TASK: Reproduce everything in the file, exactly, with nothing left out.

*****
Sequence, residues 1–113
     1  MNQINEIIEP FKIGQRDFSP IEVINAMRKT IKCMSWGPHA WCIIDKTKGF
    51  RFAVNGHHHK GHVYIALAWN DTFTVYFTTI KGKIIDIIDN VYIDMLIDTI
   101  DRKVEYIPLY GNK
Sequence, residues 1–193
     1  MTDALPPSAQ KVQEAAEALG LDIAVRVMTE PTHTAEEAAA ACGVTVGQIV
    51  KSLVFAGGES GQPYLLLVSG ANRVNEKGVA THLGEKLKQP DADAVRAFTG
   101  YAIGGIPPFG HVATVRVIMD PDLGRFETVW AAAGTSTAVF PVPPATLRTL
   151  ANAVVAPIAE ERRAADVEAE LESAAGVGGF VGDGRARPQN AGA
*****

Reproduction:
Sequence, residues 1–113
     1  MNQINEIIEP FKIGQRDFSP IEVINAMRKT IKCMSWGPHA WCIIDKTKGF
    51  RFAVNGHHHK GHVYIALAWN DTFTVYFTTI KGKIIDIIDN VYIDMLIDTI
   101  DRKVEYIPLY GNK
Sequence, residues 1–193
     1  MTDALPPSAQ KVQEAAEALG LDIAVRVMTE PTHTAEEAAA ACGVTVGQIV
    51  KSLVFAGGES GQPYLLLVSG ANRVNEKGVA THLGEKLKQP DADAVRAFTG
   101  YAIGGIPPFG HVATVRVIMD PDLGRFETVW AAAGTSTAVF PVPPATLRTL
   151  ANAVVAPIAE ERRAADVEAE LESAAGVGGF VGDGRARPQN AGA